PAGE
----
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Hellbride 
Written by: on March 8th, 2010


Theatrical Release Date:
UK, 2007
Director: Pat Higgins
Writer: Pat Higgins
Cast: Neil Andrews, James Fisher, Cy Henty, Rebecca Herod, Eleanor James, James Kavaz, Natalie Milner, Oli Wilkinson

DVD released: March 29th, 2010
Approximate running time: 76 Minutes
Aspect Ratio: 1.78:1 Anamorphic Widescreen
Rating: 15 (UK)
Sound: Dolby Digital Stereo English
Subtitles: N/A
DVD Release: Brain Damage Films / Fremantle Home Entertainment
Region Coding: Region 2 PAL (UK)
Retail Price: £3.99


Synopsis: A woman receives a cursed engagement ring from her fiancee.

The film opens with a narration which explains the origins of the cursed ring and the bride who it originally it belonged too. From there all the main players are properly introduce and given just enough back-story to flesh things out. From a pacing stand point things move along nicely from one moment to the next.

Even though the premise and the film’s title suggests that this is a horror film. Horror quickly fades into the background as this film is predominately a romantic comedy with a few mafia scenes throw in for good measure. Approaching this film as more a satire of horror films makes everything all the more enjoyable. The horror themed moments are by far the weakest parts of this film and the comedic moments is where this film is at its best.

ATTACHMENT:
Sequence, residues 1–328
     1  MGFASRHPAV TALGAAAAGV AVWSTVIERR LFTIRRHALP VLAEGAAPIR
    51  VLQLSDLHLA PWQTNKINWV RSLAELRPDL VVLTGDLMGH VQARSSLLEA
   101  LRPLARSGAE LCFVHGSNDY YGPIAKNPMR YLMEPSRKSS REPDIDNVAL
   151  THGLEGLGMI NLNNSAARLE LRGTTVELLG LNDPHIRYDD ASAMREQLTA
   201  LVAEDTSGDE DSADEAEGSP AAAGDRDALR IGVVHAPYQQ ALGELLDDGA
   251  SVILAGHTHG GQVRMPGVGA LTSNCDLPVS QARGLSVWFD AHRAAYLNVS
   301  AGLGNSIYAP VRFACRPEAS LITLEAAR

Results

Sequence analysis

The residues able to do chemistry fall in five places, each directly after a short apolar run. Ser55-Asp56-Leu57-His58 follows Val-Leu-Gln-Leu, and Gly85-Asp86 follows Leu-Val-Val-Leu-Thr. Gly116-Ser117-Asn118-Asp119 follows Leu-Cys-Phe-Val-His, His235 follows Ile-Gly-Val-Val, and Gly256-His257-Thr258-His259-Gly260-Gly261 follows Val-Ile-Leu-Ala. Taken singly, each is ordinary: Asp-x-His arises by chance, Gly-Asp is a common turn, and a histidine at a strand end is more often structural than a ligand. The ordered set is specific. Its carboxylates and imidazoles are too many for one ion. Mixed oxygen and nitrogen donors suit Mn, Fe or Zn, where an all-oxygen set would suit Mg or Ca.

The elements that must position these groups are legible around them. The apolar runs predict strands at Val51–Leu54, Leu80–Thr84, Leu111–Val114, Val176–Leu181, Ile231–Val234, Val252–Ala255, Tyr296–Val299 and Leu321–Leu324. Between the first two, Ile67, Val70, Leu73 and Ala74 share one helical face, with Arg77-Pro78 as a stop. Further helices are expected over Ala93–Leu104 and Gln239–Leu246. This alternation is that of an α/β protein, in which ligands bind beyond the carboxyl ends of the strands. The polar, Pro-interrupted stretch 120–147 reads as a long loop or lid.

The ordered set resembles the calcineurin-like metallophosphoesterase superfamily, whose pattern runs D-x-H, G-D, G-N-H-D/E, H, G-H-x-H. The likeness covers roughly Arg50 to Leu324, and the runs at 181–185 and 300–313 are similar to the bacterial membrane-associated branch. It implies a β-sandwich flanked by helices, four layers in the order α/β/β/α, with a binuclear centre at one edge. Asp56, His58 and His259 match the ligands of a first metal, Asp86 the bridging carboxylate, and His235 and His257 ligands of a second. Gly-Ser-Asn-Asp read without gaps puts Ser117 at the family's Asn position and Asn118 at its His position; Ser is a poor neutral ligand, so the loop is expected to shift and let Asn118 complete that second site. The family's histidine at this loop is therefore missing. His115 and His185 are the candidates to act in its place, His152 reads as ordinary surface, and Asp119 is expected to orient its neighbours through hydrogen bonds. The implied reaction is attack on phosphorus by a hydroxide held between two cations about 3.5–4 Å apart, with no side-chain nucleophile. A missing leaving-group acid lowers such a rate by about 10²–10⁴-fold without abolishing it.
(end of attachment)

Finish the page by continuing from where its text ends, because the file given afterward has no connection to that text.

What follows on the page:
The one area that surprised me the most was how engaging all the performances in this film where, especially Rebecca Herod who’s character Nicole is the latest bride to receive the cursed ring. Another performance of note is Cy Henty in the role of Sinclair an eccentric expert in the supernatural who makes sexual advances towards his cousin. Overall Hellbride is a fun film that works as well as it does because of its tongue and cheek approach to the story at hand.

The DVD:

Hellbride is presented in an anamorphic widescreen that preserves the film’s original aspect ratio. The interlaced transfer is suffers from ghosting / blurring of the image. Colors and flesh tones fare well. Details at times look too soft.

This release comes with one audio option a Dolby Digital stereo mix in English. The audio fares much better than the transfer as everything sounds clear and balanced throughout.

Extras for this release include a trailer for the film (1 minute – 4:3 Full Frame), a blooper reel (2 minutes 15 seconds – letterboxed widescreen), deleted / alternate scenes (3 minutes 7 seconds – 4:3 Full Frame), a behind the scenes segment (9 minutes 28 seconds – 4:3 Full Frame), with comments from writer / director Pat Higgins and an audio commentary with Pat Higgins and director of photography Alan Ronald. The behind the scenes segment and audio commentary do a good job covering the various aspects of this production. Overall the abundance of extras and more than affordable price hell soften the blow of the mediocre transfer.

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